Few legal disputes in the last decade captured public attention with such dramatic force as that involving a small band of Nazis and the village of Skokie. For well over a year, the case was seldom out of the news and often thought to merit front page coverage. It all began in the spring of 1977 when Frank Collin, the leader of the Chicago-based National Socialist Party of America, requested a permit to march in front of the Skokie village hall. The community, with a Jewish population of over 40,000, several thousand of whom had survived the Holocaust, mobilized all its resources against the planned demonstrations. Skokie insisted that the Nazis obtain liability and property insurance, which they could not, and then formalized the insurance requirement in a hastily promulgated ordinance covering all marches and demonstrations. Two additional sections were added, one prohibiting incitement to religious and racial hatred and the other the wearing of military-style uniforms in demonstrations. The town also sought an injunction in the Illinois state courts against the proposed march.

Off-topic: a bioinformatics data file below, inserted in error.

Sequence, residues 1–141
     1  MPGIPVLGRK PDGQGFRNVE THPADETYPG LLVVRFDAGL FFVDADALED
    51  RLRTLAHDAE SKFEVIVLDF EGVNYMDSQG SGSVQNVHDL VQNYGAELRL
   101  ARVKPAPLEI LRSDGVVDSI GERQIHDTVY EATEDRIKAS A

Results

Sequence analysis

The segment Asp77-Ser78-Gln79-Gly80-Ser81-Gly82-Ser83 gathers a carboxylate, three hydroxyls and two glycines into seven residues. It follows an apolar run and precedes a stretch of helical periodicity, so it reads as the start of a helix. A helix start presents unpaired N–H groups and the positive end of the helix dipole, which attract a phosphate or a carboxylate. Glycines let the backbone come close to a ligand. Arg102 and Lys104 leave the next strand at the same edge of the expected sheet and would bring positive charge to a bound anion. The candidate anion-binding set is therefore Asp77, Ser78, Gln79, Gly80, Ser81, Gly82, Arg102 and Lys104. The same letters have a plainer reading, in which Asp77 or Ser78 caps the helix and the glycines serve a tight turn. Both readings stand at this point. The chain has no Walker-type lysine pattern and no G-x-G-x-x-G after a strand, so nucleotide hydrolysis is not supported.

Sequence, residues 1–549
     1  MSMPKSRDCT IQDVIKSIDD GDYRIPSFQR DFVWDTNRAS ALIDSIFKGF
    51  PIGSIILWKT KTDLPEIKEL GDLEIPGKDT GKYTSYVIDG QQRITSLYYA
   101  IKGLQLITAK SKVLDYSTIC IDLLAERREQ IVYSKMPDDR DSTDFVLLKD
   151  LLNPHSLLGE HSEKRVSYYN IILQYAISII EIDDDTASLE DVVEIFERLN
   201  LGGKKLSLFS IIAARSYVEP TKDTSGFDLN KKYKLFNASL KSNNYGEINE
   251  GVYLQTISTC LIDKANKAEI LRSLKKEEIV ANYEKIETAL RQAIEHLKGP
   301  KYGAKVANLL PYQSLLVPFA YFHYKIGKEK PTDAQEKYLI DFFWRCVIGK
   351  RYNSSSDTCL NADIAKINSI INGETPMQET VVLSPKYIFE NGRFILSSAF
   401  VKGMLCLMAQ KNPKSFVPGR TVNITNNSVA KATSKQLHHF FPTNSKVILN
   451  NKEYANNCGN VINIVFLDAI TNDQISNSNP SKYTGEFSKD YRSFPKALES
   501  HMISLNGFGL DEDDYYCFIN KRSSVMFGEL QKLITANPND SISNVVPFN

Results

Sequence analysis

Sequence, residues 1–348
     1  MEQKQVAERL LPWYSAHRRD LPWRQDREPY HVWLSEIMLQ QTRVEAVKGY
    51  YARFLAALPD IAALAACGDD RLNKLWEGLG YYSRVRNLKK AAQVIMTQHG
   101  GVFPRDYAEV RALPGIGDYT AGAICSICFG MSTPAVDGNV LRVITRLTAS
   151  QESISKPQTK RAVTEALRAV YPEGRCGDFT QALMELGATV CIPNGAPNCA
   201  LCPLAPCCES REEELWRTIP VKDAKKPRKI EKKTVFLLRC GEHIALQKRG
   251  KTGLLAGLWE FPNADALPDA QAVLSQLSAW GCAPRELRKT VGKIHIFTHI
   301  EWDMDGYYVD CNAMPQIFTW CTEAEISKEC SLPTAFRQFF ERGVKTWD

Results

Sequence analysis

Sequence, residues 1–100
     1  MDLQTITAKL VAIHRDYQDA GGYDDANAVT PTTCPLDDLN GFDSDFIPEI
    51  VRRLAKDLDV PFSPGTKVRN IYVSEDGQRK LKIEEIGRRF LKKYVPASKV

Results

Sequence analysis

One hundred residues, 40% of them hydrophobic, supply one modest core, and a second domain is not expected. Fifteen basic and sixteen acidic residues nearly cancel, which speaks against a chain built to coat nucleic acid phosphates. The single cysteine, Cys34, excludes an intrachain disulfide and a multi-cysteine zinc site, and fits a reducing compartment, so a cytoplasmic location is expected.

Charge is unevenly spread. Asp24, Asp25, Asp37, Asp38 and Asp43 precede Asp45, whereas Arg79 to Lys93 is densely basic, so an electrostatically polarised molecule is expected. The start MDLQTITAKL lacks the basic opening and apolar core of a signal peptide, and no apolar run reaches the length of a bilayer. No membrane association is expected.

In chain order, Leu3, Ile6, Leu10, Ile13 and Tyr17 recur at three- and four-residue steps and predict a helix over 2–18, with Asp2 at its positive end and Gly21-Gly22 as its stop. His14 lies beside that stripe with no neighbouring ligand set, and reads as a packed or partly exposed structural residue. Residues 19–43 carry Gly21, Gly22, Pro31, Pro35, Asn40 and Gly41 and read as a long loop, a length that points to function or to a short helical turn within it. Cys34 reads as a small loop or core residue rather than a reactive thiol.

The American Civil Liberties Union advanced to defend the Nazis, first by directly opposing the injunction action and then by filing an independent lawsuit in federal district court attacking the constitutionality of the ordinance under the free speech clause of the first amendment. Much if not most of the public reaction was hostile to the ACLU's position. Many expressed outrage that the right of free speech was being invoked to protect the dissemination of Nazi propaganda, whether generally or in this particular locale. Perhaps the most telling evidence of the public's dissatisfaction was to be found in the ACLU's own membership rolls, which declined by 30,000 at an annual cost in lost revenues to the organization of half a million dollars (p. 79). The beleaguered free speech proponents, conversely, seemed incredulous at this public outcry: It was an "easy case" one heard again and again, though usually with a note of despair.
The ACLU position won in the end, of course. The Illinois Supreme Court and the Court of Appeals for the Seventh Circuit both concluded that the proposed demonstration (and the demonstrations covered by the ordinance) amounted to protected first amendment activity under the Supreme Court precedents. In June of 1978, the Supreme Court declined to hear the case, thus allowing the federal court's decision to stand. The decision of the Illinois court was never even challenged.
Civil Rights and Discrimination | First Amendment | Law
Lee C. Bollinger,
The Skokie Legacy: Reflections on an "Easy Case" and Free Speech Theory,
Mich. L. Rev.
Available at: https://scholarship.law.columbia.edu/faculty_scholarship/4133